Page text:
Continued access to mental health services and supports remains a vital care component for people throughout Massachusetts, both during this COVID-19 pandemic and beyond. Accessing those services and supports is particularly important for youth and young adults with a diagnosis of autism spectrum disorder (ASD) or intellectual disabilities (ID), and those who care about them.
To that end, Shriver Center Executive Director, Jean Frazier MD, has been named Co-Director of a program funded by the Massachusetts Executive Office of Health and Human Services to increase the knowledge and capacity of mobile crisis intervention (MCI) teams in working with youth and young adults with ASD/ID who are having a behavioral health crisis.
The program is an offshoot of the Massachusetts Child Psychiatry Access Program (MCPAP) and run by the Massachusetts Behavioral Health Partnership, a Beacon Health Options company. MCPAP for Autism Spectrum Disorders and Intellectual Disabilities (MCPAP for ASD-ID launched on July 1, 2020.
MCPAP for ASD-ID offers support to Mobile Crisis Intervention (MCI) clinicians working with youth and young adults with ASD or ID experiencing behavioral health crisis. It provides free, on-demand consultations, regardless of an individual’s insurance status. Initial consultations are with a licensed applied behavior analyst and follow-up consultation with physicians with ASD expertise, may take place when needed.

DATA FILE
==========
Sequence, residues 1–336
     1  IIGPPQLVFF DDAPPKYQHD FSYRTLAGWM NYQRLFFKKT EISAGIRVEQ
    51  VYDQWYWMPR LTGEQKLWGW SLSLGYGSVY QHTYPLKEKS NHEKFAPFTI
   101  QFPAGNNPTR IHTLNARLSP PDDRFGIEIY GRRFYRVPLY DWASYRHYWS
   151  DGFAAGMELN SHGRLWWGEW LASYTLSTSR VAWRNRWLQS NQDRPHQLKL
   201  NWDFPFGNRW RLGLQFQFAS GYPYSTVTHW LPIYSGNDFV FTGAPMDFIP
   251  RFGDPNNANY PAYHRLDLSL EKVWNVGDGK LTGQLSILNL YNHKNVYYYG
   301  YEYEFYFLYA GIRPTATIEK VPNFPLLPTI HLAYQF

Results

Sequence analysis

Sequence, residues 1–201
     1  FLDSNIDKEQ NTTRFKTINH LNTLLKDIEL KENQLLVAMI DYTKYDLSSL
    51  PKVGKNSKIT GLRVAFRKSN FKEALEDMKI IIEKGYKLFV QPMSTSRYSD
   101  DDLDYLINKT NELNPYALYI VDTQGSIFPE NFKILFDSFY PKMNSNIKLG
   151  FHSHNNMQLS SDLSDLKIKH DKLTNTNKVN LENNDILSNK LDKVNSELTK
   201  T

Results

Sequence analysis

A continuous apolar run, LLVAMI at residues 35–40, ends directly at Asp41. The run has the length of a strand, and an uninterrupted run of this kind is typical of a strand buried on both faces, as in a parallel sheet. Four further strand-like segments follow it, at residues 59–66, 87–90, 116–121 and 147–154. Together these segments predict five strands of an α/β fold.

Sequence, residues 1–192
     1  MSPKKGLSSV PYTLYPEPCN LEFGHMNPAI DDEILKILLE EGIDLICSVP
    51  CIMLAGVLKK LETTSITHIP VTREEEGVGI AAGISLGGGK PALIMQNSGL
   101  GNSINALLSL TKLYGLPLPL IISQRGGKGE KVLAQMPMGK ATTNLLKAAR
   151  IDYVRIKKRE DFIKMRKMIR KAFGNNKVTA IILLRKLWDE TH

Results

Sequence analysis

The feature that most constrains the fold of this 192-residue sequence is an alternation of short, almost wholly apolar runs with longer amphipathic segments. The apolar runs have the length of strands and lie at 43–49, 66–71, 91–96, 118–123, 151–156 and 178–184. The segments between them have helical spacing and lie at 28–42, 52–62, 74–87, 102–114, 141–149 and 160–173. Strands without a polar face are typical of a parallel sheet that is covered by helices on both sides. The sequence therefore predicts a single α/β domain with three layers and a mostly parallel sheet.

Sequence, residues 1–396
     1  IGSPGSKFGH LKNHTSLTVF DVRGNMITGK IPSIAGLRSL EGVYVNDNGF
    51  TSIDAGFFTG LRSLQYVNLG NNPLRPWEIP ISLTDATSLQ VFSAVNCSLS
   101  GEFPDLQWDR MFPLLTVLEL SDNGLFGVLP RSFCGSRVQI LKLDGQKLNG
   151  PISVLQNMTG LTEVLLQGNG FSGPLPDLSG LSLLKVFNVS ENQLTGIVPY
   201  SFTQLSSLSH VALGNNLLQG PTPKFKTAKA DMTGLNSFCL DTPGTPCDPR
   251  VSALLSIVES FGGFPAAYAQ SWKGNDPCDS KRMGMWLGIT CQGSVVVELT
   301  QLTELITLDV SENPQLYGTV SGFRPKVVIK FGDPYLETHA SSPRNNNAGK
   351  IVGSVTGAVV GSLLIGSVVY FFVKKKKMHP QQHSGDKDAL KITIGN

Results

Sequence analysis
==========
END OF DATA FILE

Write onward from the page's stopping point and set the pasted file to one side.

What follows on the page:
Amy Rosenstein, Associate Vice President of Operations for Massachusetts Behavioral Health Options, recently spoke in greater detail about the program during an e-mail interview.
“Many MCI clinicians have limited experience working with youth with ASD or ID. This program can help them stabilize these individuals, assess medical conditions that may be related to the crisis, identify interventions and sometimes make referrals to professionals for longer-term support when needed,” Rosenstein explained.
Dr. Frazier’s appointment as Co-Director of this effort continues her career-long interest in mental health issues for individuals with ASD/ID that includes positions on several state and national boards, continuous grant-funded research, and a genuine desire to improve the lives of individuals with ASD and DD.
“Dr. Frazier’s expertise in this area, her involvement with MCPAP, and her work with EOHHS to understand the needs related to this population make Dr. Frazier the perfect person to help lead this program. Her deep knowledge and wonderful leadership skills are a perfect fit,” Rosenstein said.